Don’t try to get them to migrate down. Try to get them to migrate up. I built my own worm farm out of used cat litter bins. They stack well inside of each other. What I’ve done is put holes in the bottom large enough for the worms to move through, and once they are done in the bottom bin, they will naturally migrate up to the upper bin if it has the fresher food source. Then, after about two weeks, pull the upper bin off, the lower bin out, and place the upper bin back in the drainage bin. (I keep one in the bottom to drain any excess moisture.)
Let me know if you have any questions on this.
Making sure I understand. You have three bins? A drainage bin at base, a middle bin with worms and a third on top for them to migrate to when done?
In total, I actually have 4 bins right now, since I bought 1000 worms from uncle jims worm farm. The bottom bin is used for drainage, and I added a plug to drain out the “worm tea” once in a while. There are no worms in this bin. The next bin up is for my oldest compost. I started with just these two. Once the food began to get scarce, I added a second bin on top of that, with a few starter worms to get it going. Once the food dries up, the worms will migrate up to the new food source. After about two weeks, pull the top bin off to access the middle bin, and remove the entire bin, replacing the top one. Most of the worms should have migrated out. At that point, it’s a matter of spreading out the compost and removing any worms that are remaining, plus any food source (i.e. any scrap paper or uneaten food) and placing that back in the other bin. Your compost is ready to go.
This is a brilliant idea. For years, I’ve used a Rubbermaid bin. This spring I am going to try your cat litter boxes method!
The use of cat litter bins was brilliant! I’m going to try it, thank you for the great idea.
Red Wigglers are surface feeders… usually they dwell 6” below the surface… put the food on top and once they’ve exhausted their present supply they will move UP to the new source… just be patient… if they haven’t migrated that means there are still food left.
I’ve already started a composter which is full to the brim of garden cuttings and food waste in biodegradeable bags. Can I now add worms to this mix in order to get a compost going?
Assuming the worms can eat the bags, I don’t see why you couldn’t, though I would consider moistening the mixture first, and maybe putting some strategic holes in the bags, just for good measure.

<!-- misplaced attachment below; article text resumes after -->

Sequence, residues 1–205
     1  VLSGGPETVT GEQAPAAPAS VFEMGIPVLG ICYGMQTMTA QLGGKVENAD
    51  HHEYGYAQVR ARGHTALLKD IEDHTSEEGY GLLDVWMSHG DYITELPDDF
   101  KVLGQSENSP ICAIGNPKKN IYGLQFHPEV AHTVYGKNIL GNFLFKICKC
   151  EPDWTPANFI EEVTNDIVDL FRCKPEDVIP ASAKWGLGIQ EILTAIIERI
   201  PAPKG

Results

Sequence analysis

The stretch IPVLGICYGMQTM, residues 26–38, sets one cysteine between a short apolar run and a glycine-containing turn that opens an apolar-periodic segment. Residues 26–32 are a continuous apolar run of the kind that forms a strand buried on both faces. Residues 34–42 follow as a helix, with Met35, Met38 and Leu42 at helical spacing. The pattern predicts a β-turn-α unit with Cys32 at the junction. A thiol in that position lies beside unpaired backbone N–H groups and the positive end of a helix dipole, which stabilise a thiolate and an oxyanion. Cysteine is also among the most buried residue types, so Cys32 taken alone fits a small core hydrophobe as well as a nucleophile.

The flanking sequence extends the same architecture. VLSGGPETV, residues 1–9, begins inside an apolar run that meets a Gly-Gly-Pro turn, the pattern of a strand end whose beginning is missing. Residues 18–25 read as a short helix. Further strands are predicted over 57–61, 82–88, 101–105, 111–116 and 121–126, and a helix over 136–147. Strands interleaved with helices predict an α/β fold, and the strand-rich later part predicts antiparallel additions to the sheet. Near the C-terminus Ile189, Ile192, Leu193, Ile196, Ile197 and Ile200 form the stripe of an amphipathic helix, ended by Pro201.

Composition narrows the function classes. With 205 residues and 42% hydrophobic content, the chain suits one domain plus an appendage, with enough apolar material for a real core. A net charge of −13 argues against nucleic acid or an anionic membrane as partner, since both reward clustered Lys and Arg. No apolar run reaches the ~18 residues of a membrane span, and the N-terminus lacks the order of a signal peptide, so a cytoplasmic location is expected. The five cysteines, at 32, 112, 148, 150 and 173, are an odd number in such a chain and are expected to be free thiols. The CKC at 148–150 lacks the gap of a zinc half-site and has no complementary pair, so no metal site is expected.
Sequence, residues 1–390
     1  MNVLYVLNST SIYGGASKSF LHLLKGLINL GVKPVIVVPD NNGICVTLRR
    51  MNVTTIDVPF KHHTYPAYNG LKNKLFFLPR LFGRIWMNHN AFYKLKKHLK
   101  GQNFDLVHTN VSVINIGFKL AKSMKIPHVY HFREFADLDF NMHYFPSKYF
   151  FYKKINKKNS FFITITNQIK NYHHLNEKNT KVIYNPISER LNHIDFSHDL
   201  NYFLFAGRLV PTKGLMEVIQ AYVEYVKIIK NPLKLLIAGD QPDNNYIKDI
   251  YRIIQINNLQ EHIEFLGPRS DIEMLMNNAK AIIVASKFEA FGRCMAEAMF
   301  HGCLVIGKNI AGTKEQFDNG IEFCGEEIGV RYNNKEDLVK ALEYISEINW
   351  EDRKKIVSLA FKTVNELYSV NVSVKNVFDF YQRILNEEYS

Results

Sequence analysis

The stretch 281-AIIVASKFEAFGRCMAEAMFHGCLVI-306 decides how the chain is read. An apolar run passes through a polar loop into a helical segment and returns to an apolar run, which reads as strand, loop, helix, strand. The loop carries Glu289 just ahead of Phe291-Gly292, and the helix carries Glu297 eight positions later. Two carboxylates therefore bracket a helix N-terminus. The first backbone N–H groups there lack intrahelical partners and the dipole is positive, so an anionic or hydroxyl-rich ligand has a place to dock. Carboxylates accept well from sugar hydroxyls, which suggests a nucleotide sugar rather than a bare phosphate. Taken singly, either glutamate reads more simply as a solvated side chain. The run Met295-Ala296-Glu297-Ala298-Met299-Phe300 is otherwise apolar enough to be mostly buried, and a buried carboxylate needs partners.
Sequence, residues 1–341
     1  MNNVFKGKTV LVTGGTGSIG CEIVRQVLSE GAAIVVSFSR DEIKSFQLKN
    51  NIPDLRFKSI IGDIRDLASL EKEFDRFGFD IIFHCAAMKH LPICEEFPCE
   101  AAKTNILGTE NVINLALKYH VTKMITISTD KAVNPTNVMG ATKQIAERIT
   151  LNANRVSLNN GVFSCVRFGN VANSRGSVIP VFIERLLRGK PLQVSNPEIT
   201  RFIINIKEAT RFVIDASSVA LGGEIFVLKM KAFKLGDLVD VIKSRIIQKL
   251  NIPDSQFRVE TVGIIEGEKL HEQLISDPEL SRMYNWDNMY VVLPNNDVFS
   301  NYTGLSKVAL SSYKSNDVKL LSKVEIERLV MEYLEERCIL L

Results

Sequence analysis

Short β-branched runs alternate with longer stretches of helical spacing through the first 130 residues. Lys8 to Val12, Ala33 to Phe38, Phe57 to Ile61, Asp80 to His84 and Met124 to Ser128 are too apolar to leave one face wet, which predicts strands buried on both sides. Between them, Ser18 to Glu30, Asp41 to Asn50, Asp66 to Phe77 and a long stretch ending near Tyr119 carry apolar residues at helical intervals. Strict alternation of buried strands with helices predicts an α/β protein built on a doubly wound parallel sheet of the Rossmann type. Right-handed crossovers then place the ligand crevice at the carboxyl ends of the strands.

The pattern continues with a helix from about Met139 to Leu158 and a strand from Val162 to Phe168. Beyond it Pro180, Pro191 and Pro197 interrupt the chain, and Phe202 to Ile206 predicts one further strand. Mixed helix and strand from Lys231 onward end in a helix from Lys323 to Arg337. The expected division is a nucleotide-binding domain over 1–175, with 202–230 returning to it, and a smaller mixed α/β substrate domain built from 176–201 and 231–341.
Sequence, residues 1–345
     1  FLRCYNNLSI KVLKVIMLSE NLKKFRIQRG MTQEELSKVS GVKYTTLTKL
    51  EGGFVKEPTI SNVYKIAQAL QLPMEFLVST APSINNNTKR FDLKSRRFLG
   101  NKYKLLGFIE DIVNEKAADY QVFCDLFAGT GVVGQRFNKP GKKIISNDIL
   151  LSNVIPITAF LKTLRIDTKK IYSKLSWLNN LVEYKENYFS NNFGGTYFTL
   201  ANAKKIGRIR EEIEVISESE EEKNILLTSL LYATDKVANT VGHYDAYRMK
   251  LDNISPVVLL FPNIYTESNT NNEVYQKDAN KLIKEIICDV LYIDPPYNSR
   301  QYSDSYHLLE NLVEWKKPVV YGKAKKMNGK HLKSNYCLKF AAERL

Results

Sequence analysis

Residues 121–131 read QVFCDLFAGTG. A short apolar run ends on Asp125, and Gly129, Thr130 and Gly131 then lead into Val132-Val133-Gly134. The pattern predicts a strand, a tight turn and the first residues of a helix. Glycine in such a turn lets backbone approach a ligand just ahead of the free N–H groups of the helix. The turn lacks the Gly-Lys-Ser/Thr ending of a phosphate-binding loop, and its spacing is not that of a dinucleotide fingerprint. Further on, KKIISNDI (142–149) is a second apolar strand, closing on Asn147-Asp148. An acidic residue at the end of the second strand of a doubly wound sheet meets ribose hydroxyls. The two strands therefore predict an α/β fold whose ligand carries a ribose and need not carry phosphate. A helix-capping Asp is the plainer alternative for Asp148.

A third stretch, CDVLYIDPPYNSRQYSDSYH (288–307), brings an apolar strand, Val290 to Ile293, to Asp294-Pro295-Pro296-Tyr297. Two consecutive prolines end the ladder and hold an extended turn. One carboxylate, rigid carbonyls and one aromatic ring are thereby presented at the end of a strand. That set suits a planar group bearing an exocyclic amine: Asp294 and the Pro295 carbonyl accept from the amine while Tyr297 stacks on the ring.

Like yard waste, if your garden cuttings are too green the worms won’t eat them right away. They might need to brown a bit first. Never use fresh yard clippings or fresh leaves. If you use leaves, let them brown first and crumble them up. I used these as a bed for my first bin last year.
Is it possible to place worms in my garden area and then cover them with green matter (mostly leaves) and then cover that with newspaper? I am thinking that they will break down the organic matter over the fall/winter months. I live in CA and my winters are pretty mild.
I’ve always been disgusted by worms but it’s striking how symbiotic the organic world can be when it comes to dealing with waste in an environmentally conscious way.
I was told to NOT use oak leaves because they are toxic to the worms. Has anyone else heard this? I’m new to worm composting and the same person told me to NOT use a plastic bin (of course he was will to build me a wood one for $750). My bin is a $10 plastic 33 gal garbage can that I drilled about 150 1/4″ holes in the sides and bottom. Then I put one layer of landscape weed fabric in the bottom, added aged manure, wet it down, waited an hour, added the worms (approximately 1 1/2 lbs) and added more manure on the top. I put the lid on the garbage can and waited a day and then buried some scraps. I only found one worm when I buried the scraps, so I hope they had gone to the bottom . . . will check the scraps today.
Can I add my guinea pig bedding, which is shredded newsprint paper without ink and guinea pig poop?
I have had no problem using oak leaves as a base starter for the bin but I do shred them first. They keep the bin material a little more coarse but this aids air circulation. No complaints from the worms. They are as happy as… well, happy as happy worms can be!
The Live Oak variety of trees, common in the south, are very acidic. Their leaves contain high acid content and are great for mulching around azaleas but probably would be a bad choice for worm composting.
I have had my worms for around 2 years they are in a large bin and I don’t know how to remove the worms so I can harvest all the castings and I want to keep casualties of the harvest down to a minimum, can anyone tell me how to accomplish this?